“We are currently witnessing a situation of increasing inequality within and between countries and, in this context, public services, including education, are more important than ever,” Ernst said. Free high-quality education for all is essential to fostering economic and social development and cohesion, equal opportunities, job creation, as well as the fair distribution of income and wealth, he added.
A resolution on CETA by the Belgian Walloon Region further demands that the Belgian government should refrain from signing the CETA agreement during upcoming EU-Canada summit in October.
EI: threat to high-quality public services
Education International has “grave concerns about the new generation of trade and investment agreements” currently being negotiated by national governments and supra-national bodies such as the EU, and which do not incorporate legally binding protections for public services, nor any enforceable labour chapter, said EI General Secretary Fred van Leeuwen. He condemned a lack of transparency and proper democratic oversight surrounding the negotiations. In addition, he reiterated his belief that these agreements pose potential serious threats to the provision of high-quality public services, including education, in particular through restricting governments’ capacity to regulate in the public interest and expanding the rights of multinational corporations.
Greenpeace’s TTIP leaks: the aim of ever-increasing levels of liberalisation
This week Greenpeace published 248 pages of internal documents from the TTIP negotiations. While most of the media coverage has centred around environmental and food safety issues, the TTIP leaks confirm the potentially dangerous impact that the TTIP deal could have on the education sector and other public services.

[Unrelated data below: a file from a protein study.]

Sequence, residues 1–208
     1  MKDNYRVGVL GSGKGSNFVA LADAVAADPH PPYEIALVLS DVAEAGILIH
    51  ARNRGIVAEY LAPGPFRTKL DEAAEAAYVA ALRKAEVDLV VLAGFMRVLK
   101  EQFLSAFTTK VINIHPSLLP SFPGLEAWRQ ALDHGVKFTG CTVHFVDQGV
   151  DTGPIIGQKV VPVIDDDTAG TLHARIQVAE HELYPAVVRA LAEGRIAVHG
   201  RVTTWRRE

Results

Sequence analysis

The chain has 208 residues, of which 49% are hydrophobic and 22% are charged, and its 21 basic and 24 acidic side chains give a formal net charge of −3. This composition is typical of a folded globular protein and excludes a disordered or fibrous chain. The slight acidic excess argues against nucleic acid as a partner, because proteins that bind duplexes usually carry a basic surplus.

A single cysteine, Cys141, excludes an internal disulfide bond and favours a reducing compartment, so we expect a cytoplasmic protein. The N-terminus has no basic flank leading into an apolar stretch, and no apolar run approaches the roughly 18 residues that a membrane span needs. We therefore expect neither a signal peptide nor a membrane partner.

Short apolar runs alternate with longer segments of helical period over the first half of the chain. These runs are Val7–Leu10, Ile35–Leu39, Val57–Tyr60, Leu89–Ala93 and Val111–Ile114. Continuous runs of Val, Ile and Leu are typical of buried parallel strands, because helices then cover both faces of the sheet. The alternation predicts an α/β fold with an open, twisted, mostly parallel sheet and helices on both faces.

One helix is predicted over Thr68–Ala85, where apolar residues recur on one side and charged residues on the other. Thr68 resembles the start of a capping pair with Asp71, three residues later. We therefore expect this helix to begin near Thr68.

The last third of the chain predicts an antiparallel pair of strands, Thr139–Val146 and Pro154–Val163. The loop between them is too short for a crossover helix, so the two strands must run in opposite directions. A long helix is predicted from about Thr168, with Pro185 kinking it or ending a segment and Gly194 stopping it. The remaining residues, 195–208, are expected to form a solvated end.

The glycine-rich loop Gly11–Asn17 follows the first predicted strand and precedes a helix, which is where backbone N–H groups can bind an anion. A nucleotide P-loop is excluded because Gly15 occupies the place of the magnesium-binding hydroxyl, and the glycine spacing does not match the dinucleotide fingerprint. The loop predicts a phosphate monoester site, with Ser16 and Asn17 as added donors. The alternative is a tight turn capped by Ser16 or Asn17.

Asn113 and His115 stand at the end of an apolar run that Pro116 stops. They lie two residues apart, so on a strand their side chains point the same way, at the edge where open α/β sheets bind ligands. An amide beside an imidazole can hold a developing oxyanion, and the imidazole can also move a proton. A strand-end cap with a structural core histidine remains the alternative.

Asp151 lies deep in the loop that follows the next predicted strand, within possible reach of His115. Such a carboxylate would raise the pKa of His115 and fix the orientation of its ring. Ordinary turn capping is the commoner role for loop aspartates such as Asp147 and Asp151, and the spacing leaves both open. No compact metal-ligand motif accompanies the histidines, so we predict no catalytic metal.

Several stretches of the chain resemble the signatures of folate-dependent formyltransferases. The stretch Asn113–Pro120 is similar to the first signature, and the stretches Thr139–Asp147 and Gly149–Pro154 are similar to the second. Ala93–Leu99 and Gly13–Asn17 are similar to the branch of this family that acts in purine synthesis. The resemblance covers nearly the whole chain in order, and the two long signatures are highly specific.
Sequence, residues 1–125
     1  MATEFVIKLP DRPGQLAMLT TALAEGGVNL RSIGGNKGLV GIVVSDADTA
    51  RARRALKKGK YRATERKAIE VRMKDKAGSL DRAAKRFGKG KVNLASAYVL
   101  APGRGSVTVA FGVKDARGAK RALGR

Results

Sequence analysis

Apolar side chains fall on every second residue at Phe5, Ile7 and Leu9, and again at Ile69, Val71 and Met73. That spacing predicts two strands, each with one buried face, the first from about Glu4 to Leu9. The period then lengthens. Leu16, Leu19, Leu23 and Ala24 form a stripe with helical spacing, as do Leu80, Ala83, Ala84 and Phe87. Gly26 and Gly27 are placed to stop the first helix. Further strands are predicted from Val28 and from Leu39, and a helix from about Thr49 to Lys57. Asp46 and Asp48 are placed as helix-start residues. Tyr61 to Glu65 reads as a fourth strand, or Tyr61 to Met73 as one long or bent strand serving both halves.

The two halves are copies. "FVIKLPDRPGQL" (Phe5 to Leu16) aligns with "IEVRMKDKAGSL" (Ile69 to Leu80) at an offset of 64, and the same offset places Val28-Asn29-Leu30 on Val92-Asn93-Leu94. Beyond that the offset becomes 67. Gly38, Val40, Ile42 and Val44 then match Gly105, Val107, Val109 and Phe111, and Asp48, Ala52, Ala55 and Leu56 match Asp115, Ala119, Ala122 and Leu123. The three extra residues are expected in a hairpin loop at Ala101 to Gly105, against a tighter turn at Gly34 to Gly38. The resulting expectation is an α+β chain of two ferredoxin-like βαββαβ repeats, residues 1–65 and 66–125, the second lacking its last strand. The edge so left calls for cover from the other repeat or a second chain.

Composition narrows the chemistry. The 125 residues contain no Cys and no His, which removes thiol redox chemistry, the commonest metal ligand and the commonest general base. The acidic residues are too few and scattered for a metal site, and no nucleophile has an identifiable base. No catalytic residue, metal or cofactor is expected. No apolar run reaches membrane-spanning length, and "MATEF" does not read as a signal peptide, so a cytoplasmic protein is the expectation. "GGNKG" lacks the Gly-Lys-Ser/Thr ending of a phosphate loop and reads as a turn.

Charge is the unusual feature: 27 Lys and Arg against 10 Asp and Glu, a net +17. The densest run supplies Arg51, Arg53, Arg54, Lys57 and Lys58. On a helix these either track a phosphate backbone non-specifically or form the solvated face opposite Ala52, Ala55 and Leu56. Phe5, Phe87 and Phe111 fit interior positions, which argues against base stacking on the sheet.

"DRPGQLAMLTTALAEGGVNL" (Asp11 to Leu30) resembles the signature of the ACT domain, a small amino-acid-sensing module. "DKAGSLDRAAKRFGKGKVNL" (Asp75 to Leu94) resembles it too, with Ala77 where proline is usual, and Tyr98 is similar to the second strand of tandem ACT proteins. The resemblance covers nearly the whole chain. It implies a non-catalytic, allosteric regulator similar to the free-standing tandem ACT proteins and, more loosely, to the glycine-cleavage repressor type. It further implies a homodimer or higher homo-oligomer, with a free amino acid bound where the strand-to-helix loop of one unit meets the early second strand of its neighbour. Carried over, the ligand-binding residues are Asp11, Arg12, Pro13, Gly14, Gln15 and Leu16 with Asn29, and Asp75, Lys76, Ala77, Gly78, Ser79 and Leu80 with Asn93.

According to these new TTIP leaks, there is no protection offered to education and other public services. Instead, there is a general exception for services under ‘governmental authority’, which is far too narrow to safeguard public education. In fact, most public services are not covered under ‘governmental authority’, including education, health, as well as network-based and universal services, explained Professor Krajewski in a recent study on Model clauses for the exclusion of public services from trade and investment agreements.
The Greenpeace revelations stress that TTIP aims to reach ever-increasing levels of liberalisation, as demonstrated by the fact that the EU and the US agree to “lay down the necessary arrangements for the progressive reciprocal liberalisation of trade in services, the liberalisation of investment, and for the facilitation of e-commerce”. One way of ensuring ever-increasing levels of liberalisation in the future through trade and investment agreements is to put a straitjacketon governments’ ability to adopt laws or regulations in such a way that they will be obliged to adopt only laws and regulations increasing the level of liberalisation.
The 13th TTIP round of negotiation took place from 25 April to 1 May. The CETA agreement has been finalised and is scheduled to be signed by the EU and Canada in October during the EU-Canada Summit.
Click here for more information (in German), videos and pictures of the Hanover’s demonstration.
You can also download the EI trade update here